Christopher L, Marras C, Duff-Canning S, Koshimori Y, Chen R, Boileau I, et al. Combined insular and striatal dopamine dysfunction are associated with executive deficits in Parkinson’s disease with mild cognitive impairment. Brain. 2014;137(Pt 2):565–75.  https://doi.org/10.1093/brain/awt337.CrossRefPubMedGoogle Scholar
  19. 19.
    Yokota E, Koyanagi Y, Yamamoto K, Oi Y, Koshikawa N, Kobayashi M. Opioid subtype- and cell-type-dependent regulation of inhıbitory synaptc transmission in the rat insular cortex. Neuroscience. 2016;339:478–90.  https://doi.org/10.1016/j.neuroscience.2016.10.004.CrossRefPubMedGoogle Scholar
  20. 20.
    Yokota E, Koyanagi Y, Nakamura H, Horİnuki E, Oi Y, Kobayashi M. Opposite effects of mu and delta opioid receptor agonists on excitatory propagation induced in rat somatosensory and insular cortices by dental pulp stimulation. Neurosci Lett. 2016;628:52–8.  https://doi.org/10.1016/j.neulet.2016.05.065.CrossRefPubMedGoogle Scholar
  21. 21.
    Burkey AR, Carstens E, Wenniger JJ, Tang J, Jasmin L. An opioidergic corticalantinociception triggering site in the agranular insular cortex of the rat thatcontributes to morphine antinociception. J Neurosci. 1996;16(20):6612–23.CrossRefPubMedGoogle Scholar
  22. 22.
    Chu Sin Chung P, Kieffer BL. Delta opioid receptors in brain function anddiseases. Pharmacol Ther. 2013;140(1):112–20.  https://doi.org/10.1016/j.pharmthera.2013.06.003.CrossRefPubMedGoogle Scholar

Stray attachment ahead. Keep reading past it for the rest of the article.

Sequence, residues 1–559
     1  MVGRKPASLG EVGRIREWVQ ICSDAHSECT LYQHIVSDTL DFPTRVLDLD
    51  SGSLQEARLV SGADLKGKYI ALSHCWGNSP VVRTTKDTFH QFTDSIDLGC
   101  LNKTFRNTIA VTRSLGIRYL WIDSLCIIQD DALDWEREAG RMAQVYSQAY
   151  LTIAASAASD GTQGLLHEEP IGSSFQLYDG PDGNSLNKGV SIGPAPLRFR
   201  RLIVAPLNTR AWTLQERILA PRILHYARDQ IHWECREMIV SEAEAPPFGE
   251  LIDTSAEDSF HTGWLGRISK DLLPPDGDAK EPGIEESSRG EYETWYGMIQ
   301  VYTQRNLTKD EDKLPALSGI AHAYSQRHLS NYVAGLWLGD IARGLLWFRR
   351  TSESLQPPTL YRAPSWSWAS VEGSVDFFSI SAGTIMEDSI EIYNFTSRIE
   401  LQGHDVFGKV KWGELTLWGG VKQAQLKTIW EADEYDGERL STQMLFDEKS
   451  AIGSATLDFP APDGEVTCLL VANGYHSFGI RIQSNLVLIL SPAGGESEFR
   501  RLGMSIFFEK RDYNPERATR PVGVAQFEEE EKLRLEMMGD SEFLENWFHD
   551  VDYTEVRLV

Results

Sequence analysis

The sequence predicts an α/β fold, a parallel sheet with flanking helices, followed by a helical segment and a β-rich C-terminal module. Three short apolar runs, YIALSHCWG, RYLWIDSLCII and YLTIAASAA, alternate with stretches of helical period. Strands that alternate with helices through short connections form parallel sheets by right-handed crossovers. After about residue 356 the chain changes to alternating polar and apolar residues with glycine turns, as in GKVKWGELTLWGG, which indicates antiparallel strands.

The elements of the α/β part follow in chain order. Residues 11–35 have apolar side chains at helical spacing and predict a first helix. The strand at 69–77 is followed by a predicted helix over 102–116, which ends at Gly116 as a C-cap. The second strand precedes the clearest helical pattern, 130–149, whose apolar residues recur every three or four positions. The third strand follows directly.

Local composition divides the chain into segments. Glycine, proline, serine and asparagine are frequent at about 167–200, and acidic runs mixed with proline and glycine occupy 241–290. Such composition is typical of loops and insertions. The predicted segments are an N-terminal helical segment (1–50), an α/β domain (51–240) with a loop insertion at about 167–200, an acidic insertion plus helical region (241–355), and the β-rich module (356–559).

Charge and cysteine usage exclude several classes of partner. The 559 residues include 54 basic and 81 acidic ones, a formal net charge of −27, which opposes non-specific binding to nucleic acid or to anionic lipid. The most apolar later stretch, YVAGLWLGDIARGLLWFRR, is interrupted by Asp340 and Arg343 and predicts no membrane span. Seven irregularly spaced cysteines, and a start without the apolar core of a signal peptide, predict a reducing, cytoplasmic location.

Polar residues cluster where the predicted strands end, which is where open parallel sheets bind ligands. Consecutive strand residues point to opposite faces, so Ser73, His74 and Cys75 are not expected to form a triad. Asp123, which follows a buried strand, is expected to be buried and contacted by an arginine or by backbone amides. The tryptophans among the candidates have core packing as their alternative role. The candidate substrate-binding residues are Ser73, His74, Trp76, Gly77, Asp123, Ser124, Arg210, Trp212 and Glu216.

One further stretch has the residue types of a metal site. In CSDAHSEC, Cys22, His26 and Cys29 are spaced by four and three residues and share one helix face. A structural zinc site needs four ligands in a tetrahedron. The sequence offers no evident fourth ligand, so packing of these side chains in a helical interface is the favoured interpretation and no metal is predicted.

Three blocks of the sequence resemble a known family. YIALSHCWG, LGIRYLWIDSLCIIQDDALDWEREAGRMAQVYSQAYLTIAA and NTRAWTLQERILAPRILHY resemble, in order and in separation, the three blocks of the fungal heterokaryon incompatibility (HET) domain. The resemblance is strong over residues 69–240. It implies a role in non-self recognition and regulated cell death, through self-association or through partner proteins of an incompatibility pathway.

23. 23.
    Watson CJ. Insular balance of glutamatergic and GABAergic signaling modulates pain processing. Pain. 2016;157(10):2194–207.  https://doi.org/10.1097/j.pain.0000000000000615.CrossRefPubMedGoogle Scholar
  24. 24.
    Fujita S, Koshikawa N, Kobayashi M. GABA(B) receptors accentuate neural excitation contrast in rat insular cortex. Neuroscience. 2011;199:259–71.  https://doi.org/10.1016/j.neuroscience.2011.09.043.CrossRefPubMedGoogle Scholar
  25. 25.
    Mutschler I, Wieckhorst B, Kowalevski S, Derix J, Wentlandt J, Schulze-Bonhage A, et al. Functional organization of the human anterior insular cortex. Neurosci Lett. 2009;457(2):66–70.  https://doi.org/10.1016/j.neulet.2009.03.101.CrossRefPubMedGoogle Scholar
  26. 26.
    Frank S, Kullmann S, Veit R. Food related processes in the insular cortex. Front Hum Neurosci. 2013;7:499.  https://doi.org/10.3389/fnhum.2013.00499.CrossRefPubMedPubMedCentralGoogle Scholar

Copyright information

© Springer International Publishing AG, part of Springer Nature 2018

Authors and Affiliations

  • Hasan Emre Aydın
    • 1
  • İsmail Kaya
    • 1
  1. 1.Department of NeurosurgeryDumlupınar University, Medical FacultyKutahyaTurkey

Personalised recommendations